Q. Can I donate my bird to someone?
A. Yes, if you do not want your meat, you can fill out a donation slip to legally gift the meat to us. This doesn't get you out of cleaning your bird, however.
Q. What is the law regarding transportation of turkeys?
A. Immediately after the kill, you must punch your tag. When you are with the turkey, the tag can stay on your person. If you walk away from the turkey, the tag has to be attached to the turkey carcass. This tag must remain with the turkey all the way home, or to the taxidermist. When you clean your bird a leg or the head must remain naturally attached to the bird. This means you cannot breast out your bird to take home. You basically have to skin it and leave a leg attached. We will not let you breast out a bird at our camp.
Q. What camo works best?
A. I like mossy oak obsession, or something like that. Browns with some green seem to work throughout the season. The main thing is to be fully camoed head to toe, including your gun. Don't forget the facemask!
Q. How good of a caller must I be?
A. You don't have to know how to call to be successful with us. The guide will ask which of his two hunters is the least experienced caller and start with that person. So, if you are not a caller, just tell your guide and he'll call for you.
Q. Can I do my own calling?
A. Of course. Just keep in mind that most folks that show up at our place OVERCALL tremendously. So you might be a great caller, but it won't help you if you call too much. Especially in April. So you can do your own calling, but don't be surprised if your guide gives you a little friendly advice on not overcalling. Even though you might be a better technical caller than he.
Q. What calls do you recommend?
A. Bring several calls and whatever you can work the best. If you like a box call, bring it! We have a lot of wind in Nebraska and they get the most response during windy conditions.
Q. What kind of shape do I need to be in?
A. It does not matter. We have hunting areas that you can literally drive right to and others that are long walks. If you are not in great shape, consider coming in April. If you are in better shape and like to walk as opposed to sit, come in May. If there are both types in your group, come whenever it fits your schedule and we'll find suitable hunting situations for all of you. Remember, we hunt 50 ranches, we can find terrain to fit anyone.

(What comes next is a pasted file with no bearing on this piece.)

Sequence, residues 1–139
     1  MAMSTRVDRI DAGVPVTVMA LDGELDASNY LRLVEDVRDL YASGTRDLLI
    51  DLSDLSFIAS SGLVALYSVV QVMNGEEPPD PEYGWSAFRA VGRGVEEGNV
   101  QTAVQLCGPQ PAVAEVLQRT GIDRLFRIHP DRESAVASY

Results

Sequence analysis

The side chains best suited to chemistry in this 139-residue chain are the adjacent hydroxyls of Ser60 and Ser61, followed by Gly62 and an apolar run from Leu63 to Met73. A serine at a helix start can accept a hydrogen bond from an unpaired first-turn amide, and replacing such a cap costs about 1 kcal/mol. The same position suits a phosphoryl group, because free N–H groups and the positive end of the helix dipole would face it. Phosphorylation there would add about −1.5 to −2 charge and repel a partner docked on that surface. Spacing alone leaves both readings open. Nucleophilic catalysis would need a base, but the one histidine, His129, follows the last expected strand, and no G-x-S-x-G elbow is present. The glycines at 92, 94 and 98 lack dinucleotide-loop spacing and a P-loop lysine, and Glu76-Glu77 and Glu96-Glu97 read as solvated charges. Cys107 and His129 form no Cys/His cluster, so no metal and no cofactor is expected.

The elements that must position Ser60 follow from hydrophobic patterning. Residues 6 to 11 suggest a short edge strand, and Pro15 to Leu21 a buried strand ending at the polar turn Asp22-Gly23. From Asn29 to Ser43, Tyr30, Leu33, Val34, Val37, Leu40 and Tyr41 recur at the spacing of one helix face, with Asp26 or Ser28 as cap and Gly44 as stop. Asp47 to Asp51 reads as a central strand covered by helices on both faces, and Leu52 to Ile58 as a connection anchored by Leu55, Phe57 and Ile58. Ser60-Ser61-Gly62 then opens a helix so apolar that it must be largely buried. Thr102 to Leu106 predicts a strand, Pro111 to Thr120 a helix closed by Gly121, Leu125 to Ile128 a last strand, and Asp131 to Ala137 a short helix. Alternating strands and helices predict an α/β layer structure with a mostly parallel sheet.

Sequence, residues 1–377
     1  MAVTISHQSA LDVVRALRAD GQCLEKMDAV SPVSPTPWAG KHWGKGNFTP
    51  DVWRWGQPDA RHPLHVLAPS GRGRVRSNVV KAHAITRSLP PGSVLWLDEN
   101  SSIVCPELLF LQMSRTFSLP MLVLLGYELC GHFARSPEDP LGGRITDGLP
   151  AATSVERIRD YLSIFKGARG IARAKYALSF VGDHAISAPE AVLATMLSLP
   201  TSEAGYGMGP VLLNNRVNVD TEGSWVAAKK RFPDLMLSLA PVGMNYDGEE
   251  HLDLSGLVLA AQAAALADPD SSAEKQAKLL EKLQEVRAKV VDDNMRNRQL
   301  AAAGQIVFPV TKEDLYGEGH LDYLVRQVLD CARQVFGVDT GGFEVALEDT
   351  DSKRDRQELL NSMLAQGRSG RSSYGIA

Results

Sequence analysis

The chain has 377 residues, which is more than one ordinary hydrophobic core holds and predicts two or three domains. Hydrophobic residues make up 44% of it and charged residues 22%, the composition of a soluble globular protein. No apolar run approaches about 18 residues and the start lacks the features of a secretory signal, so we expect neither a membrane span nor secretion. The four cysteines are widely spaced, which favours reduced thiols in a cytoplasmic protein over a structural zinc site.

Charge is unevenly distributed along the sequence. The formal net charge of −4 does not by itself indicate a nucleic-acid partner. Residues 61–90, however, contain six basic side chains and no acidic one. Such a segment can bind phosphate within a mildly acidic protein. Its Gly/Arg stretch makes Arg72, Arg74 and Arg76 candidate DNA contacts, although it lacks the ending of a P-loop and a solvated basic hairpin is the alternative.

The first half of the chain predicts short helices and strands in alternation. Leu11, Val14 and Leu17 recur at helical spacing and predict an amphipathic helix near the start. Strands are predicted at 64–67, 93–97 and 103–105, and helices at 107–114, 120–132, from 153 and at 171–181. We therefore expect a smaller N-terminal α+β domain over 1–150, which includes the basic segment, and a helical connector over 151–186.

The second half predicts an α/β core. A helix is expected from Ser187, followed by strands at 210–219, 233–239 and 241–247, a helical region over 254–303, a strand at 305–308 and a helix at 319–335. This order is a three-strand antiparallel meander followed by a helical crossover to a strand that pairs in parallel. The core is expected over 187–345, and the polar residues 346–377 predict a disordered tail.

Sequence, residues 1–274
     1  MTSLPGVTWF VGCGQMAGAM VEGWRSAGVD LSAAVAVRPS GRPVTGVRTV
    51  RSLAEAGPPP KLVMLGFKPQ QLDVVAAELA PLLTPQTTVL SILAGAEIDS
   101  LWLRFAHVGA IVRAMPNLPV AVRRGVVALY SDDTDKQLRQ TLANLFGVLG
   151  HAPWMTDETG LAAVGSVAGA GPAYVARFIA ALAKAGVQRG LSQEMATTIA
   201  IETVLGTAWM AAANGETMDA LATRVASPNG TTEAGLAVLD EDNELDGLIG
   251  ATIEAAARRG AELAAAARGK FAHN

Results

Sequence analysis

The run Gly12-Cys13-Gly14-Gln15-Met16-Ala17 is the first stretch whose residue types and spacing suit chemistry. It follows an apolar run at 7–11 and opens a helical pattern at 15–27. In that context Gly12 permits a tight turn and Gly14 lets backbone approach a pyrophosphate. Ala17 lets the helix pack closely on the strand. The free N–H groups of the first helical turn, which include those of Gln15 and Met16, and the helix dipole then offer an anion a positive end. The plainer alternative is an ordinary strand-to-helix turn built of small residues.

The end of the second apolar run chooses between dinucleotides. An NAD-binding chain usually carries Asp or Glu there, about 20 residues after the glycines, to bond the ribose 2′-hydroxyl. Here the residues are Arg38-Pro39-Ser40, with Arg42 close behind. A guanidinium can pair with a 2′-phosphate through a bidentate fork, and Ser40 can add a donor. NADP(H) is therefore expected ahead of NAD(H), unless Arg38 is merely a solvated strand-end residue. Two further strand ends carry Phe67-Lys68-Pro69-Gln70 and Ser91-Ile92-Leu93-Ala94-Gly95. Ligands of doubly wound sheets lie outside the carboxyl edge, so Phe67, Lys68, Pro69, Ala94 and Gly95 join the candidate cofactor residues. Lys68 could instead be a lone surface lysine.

Q. Can I hunt all day in Nebraska?
Q. Can I hunt on Sundays?
Q. What is there to do after I shoot my gobblers?
A. The unquestionable favorite thing that our guests do after their tags are filled are to drive 1 hour to Pete's Taxidermy studio in Burke, South Dakota. It is an amazing taxidermy studio with a giant showroom. Otherwise, your guide might set you up somewhere to roost birds in the evening for other members of your party.
Q. What are the sleeping arrangements like in the lodges?
A. Two hunters per bedroom on twin beds.
Q. How many hunters do you take at a time?
A. 8 per camp.
Q. Can you accomodate Women? Kids?
A. Absolutely. Our camp atmosphere is a family friendly country atmosphere. We demand it of all of our staff and ask it of our clients.
Q. What is your alcohol policy?
A. No alcohol is allowed at the Redbird Camp or the Big Sandy camp unless your group has booked the entire time slot. Alcohol is allowed at the Niobrara camp, within limits established by the camp manager.
Q. What shot size do you recommend?
A. We absolutely love hevi-shot. 4's or maybe 5's.
Q. Do you shoot jakes?
A. No. They are legal, and don't worry, you won't be in any trouble at camp if you shoot one, but your guide will never tell you to shoot a jake unless you insist. We'll shoot 5 or 10 jakes a year out of 200 birds. We expect you want longbeards.
Q. How do I get to your camp?
A. After you book a hunt, you'll be given driving directions to the camp that you are booked into.
Q. What do I bring with me?
A. After you book your hunt, you'll be given an equipment checklist
Q. What weather can I expect?
A. Nighttime lows in the 30's (april) and daytime highs up to as high as 80 (may). Expect wind and be prepared for some rain.
Q. How do I reserve a spot?
A. Call me at 406-363-0801 and I can reserve your spot with 1/2 down by credit card over the phone. I will also hold a spot pending receipt of a check within 5 business days, as long as we are over 60 days before our season starts in March.
Q. How fast do you book up?
A. About 1/2 of our spots for the next spring are taken by the time the current spring season is over. The rest will book throughout the year and generally through til January or February until we are full. In 2007 we turned away 20 hunters once we were full, so don't wait too long.